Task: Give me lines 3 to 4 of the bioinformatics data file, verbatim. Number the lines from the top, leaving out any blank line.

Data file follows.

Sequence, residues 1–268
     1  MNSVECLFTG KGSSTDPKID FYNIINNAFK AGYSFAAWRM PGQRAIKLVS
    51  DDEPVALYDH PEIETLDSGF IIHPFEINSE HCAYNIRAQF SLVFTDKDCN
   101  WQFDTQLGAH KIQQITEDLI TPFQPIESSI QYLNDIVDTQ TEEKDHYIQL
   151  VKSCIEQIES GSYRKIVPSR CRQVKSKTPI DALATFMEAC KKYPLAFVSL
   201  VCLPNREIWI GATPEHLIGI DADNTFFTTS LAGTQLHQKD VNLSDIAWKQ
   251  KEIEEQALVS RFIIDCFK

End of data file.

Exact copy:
    51  DDEPVALYDH PEIETLDSGF IIHPFEINSE HCAYNIRAQF SLVFTDKDCN
   101  WQFDTQLGAH KIQQITEDLI TPFQPIESSI QYLNDIVDTQ TEEKDHYIQL